Intro by Skip Cohen
The other morning I woke up to a loud crash. I stayed in bed for a few minutes trying to think of what fell somewhere in the house. I smiled and went back to sleep. It was just another paradigm shift!
Technology is changing everything and along with it, Panasonic's LUMIX tag line couldn't be more appropriate...
In this guest post, courtesy of Daniel J Cox, he's returning to the roots of a blog post he wrote in 2009 about the convergence of Video and Stills. Shooting with a Panasonic LUMIX GH4 he's pulling 8 megapixel stills from the video of the polar bear below. The quality is amazing.
After reading Daniel's post, check out the experience Bob Coates shared just a few weeks ago and then, Joseph Linaschke's post shooting at the Sonoma Speedway.
Daniel should be on your radar along with all of the LUMIX Luminaries. You'll find everybody hanging out at the LUMIX Lounge, just a click away.
Panasonic is steamrolling the competition with their new 4K Photo Mode that’s available on three different Lumix cameras, GH4, LX100 and FZ1000. I’ve dreamed of this idea since the $50,000 Red One was announced nearly ten years ago and I first blogged about my prediction of the convergence of Video and Stills in a post from April 30th, 2009 titled Daniel’s First Film- A New Face in Town. Panasonic’s introduction of their new 4K Photo Mode finally makes this capability available to the masses. 4K Photo Mode gives the photographer the ability to shoot video at 3o Frames Per Second and pull individual, 8 megapixel still images from the video clip. I tried it for the first time this past week while working with Polar Bears International and the Arctic Documentary Project in Churchill and it is nothing short of incredible.
The video above was captured using a Lumix GH4 in 4K Video Mode. The lens was a 100-300mm zoom and I was NOT on a tripod. That’s the reason you see less than smooth, video panning. Ideally I would have liked to have been on tripod but this opportunity came quickly and was a simple trial in my mind. The test was impressive, even more so due to no tripod.
Below are two frames I captured from the video above using Apple’s Aperture. A post detailing how to grab a specific frame from Aperture will be coming in the future. But for now, notice how in the first image I’ve selected, the bear’s breath is highlighted in the shadow. I was able to scrub through the video clip to capture the exact moment the breath was exhaled and even the best frame from that one second opportunity that the camera caught 30 frames of.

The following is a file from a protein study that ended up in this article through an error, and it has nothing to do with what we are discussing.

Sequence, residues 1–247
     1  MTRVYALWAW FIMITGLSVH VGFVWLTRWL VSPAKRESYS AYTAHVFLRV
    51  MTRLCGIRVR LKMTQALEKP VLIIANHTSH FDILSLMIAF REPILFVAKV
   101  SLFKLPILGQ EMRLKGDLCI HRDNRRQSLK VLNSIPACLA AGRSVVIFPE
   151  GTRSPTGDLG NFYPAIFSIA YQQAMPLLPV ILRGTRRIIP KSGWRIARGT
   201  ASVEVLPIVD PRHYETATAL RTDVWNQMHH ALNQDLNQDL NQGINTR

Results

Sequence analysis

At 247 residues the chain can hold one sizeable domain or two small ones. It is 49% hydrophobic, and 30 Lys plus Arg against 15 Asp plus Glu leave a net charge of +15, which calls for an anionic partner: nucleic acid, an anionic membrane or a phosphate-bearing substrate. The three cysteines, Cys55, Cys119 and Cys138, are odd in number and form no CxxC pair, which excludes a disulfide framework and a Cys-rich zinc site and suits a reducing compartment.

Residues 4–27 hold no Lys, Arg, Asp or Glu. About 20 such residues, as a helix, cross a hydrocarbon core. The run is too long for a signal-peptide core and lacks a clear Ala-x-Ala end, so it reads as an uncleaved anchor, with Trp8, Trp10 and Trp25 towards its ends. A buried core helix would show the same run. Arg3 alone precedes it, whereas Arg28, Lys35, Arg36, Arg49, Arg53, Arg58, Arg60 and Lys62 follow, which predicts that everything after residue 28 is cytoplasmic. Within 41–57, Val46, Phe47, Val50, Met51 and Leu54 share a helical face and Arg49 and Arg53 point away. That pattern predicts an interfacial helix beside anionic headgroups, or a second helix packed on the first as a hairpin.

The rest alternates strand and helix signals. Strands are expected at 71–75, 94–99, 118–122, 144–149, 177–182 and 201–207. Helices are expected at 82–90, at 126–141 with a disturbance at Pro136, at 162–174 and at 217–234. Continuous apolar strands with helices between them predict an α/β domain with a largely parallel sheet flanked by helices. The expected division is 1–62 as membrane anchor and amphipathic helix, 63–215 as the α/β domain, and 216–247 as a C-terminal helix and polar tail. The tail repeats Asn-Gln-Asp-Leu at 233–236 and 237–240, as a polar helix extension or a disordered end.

The second photo is again from the same video and I chose a frame where the bear’s head was at the top of the arc. A polar bear swings its head up and down as it walks which could make it difficult to get a razor sharp, still frame. By shooting at 1/500th of a second shutter speed and choosing a frame from when the bear’s head was at the top of the arc, where it’s perfectly still for a split second, I was able to obtain a very sharp image.
The ability to shoot at a higher shutter speed than is typical for video gave me the ability to capture sharp still photos. Generally, when shooting video, you are shooting at a shutter speed of 1/30th, 1/50th, or 1/60th. of a second. These shutter speeds are actually essential when capturing video to be shown specifically as video and not still capture. The video I shot above was captured with the GH4 attached to a 100-300mm zoom and the lens was at about the 250mm range. That being the case, those who travel with us know that I regularly talk about the need to get your shutter speed up, equal to or greater than the length of the lens you are shooting. Higher shutter speeds provide sharper images which is essential when shooting in the 4K Video Mode.
To read the rest of Daniel's post and to comment, just click the link below. In the rest of his post he went into some terrific detail to help you understand the creative potential in 4K mode.
Welcome to Luminary Corner. Besides being a recognized member of the professional photographic community, each post author is a member of Panasonic's LUMIX Luminary team.